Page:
Paul Finebaum is a force in college football and the national media. His daily show airs via ESPN Radio and the SEC Network from 3-7pm Eastern. He recently signed a three-year contract extension to remain with ESPN. This is part one of my three-part Q&A with him.
Matt: With everything that’s going on with Urban Meyer at Ohio State right now, I wanted to get your take on where he went wrong and what’s going to happen.
Paul: It’s fascinating to watch these stories unfold. For some context, I was in a room at the Sheraton in Hartford at ESPN’s college football seminar when the story broke. At the time I was listening to a conversation about rules and I kept showing the story to people around me and they didn’t really react. I went outside and ran into a former Ohio State player and said “What do you think?” and he said, “Well don’t forget Urban Meyer won a national championship three years ago.”
I thought “is that gonna matter in today’s world?” By the end of the hour the dynamic had changed. We all did our typical rush to judgement but I think in the world that we live in, that’s what we do. We’re influenced by the first couple of opinions we see. As a person who was brought up in journalism, I always want to be careful not to jump to a conclusion. I left there (Connecticut) to come to LA and after flight delays and ten hours of flying I found myself live at 130am Eastern Time doing SportsCenter from LA being asked the question I had been avoiding all day.
I was glad that I had 12 hours to think about it. Unfortunately nowadays we don’t have 12 hours to think about it. We just immediately give the first opinion that comes to our mind. If you’re on a radio show, television or on Twitter that opinion is going to influence people. It’s a dynamic that I think creates a lot of issues—very negative issues—but it’s the reality that we live in. You can be king of the hill at 10am and a disgraced bum by dinner time.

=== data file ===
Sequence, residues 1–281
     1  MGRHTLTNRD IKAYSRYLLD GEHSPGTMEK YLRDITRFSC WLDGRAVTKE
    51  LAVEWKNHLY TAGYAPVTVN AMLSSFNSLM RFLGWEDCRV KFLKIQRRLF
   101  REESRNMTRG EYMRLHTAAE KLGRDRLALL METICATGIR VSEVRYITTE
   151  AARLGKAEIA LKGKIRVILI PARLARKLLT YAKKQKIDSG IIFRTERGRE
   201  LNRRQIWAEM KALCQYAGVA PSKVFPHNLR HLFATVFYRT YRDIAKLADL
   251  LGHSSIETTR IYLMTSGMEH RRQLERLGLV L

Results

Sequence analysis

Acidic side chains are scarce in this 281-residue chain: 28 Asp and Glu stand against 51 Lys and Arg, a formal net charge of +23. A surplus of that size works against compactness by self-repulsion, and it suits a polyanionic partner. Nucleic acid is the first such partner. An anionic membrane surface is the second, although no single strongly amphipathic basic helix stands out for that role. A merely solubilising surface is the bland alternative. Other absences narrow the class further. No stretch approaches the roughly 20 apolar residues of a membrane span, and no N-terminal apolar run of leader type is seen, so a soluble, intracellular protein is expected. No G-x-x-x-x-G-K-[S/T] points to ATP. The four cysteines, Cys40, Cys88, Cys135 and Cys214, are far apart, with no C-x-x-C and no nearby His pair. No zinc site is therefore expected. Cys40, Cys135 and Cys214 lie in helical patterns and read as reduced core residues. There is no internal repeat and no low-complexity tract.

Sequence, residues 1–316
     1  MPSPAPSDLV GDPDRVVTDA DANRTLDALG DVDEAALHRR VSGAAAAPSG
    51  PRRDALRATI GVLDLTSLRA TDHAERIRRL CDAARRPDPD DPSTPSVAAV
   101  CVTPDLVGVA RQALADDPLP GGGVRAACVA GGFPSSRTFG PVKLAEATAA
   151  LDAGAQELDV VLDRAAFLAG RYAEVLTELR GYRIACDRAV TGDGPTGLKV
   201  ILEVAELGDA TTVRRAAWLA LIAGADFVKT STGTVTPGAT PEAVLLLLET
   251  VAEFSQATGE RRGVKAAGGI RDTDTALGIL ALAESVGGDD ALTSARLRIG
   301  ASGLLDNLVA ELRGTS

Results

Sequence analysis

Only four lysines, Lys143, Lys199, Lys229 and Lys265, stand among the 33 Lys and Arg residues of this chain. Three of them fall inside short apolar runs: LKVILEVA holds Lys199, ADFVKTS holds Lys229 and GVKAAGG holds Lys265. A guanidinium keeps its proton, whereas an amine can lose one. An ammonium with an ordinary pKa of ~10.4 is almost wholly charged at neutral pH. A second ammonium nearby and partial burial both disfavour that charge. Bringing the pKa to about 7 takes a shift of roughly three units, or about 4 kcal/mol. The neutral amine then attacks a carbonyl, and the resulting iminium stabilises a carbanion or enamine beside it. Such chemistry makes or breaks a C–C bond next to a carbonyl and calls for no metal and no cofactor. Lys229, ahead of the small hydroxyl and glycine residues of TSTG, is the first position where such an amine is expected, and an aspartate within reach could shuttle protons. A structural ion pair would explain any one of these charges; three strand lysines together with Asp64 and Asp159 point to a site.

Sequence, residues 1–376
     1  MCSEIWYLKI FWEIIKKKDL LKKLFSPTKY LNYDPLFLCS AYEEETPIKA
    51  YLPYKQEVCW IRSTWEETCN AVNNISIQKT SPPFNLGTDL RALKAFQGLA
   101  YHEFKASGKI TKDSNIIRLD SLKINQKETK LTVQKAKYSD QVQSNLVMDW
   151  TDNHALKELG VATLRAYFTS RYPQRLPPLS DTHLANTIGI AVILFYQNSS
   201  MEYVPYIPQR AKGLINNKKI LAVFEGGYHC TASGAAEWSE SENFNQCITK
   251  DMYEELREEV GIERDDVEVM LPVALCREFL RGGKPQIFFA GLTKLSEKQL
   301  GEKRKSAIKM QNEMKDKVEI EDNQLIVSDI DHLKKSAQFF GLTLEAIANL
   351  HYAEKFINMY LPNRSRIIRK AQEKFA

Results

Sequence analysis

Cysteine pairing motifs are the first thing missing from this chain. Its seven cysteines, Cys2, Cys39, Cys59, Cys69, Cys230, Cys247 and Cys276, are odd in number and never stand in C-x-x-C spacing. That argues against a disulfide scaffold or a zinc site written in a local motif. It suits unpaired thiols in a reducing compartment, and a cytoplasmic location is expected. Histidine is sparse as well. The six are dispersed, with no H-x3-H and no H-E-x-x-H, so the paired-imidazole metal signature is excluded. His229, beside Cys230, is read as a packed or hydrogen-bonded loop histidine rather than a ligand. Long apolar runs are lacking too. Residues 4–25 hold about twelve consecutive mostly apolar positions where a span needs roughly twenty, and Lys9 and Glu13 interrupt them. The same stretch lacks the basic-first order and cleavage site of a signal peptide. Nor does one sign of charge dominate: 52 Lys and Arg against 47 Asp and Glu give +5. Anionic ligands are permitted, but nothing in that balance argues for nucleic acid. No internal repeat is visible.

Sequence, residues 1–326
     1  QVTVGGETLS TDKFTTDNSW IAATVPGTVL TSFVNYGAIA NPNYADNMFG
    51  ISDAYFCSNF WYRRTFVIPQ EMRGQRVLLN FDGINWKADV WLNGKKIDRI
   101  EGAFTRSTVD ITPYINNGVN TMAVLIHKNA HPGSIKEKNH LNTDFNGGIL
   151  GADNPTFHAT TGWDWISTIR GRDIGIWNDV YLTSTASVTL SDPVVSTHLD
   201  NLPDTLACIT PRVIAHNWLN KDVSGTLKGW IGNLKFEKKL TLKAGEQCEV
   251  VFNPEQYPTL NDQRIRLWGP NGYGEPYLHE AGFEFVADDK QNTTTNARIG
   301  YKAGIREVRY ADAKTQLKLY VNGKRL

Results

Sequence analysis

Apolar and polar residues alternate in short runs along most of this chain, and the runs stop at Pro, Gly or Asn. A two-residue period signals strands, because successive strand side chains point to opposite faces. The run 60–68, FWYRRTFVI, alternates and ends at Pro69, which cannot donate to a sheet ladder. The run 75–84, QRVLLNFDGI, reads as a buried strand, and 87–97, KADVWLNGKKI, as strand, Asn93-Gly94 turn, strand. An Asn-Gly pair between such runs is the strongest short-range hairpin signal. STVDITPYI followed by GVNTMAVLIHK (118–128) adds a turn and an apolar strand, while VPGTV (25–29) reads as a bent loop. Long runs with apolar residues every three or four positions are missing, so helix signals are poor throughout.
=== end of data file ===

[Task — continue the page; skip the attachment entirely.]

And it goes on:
Matt: Isn’t it the case that people are encouraged to have “hot takes” on the story of the day and it becomes a firestorm that feeds itself and is the Urban Meyer firestorm lessoned by the fact that Brett McMurphy reported it?
Paul: I found that (McMurphy reporting it on his Facebook page) to be the most interesting part of the story. A lot of people waited on the story because he did not have to go through a normal vetting channel (if he had worked for a news organization). Urban Meyer calls this guy (McMurphy) out last week and he has time and ability. He researches, reports and writes the story because he really had nothing to lose.
That’s one of the problems in our industry today is that we all have so much to lose that we are more careful than we have ever been on the one hand and more reckless than we have ever been on another. It is an utterly bizarre time to be alive in the media industry.
I have a lawyer friend of mine who likes to critique my ESPN appearances. He says, “You really need to be more careful. You need to say there’s two sides of the story.” I’m thinking when you’re on with Stephen A. Smith do you really have time to say “Hold on a second Stephen A., there’s two sides to the story”?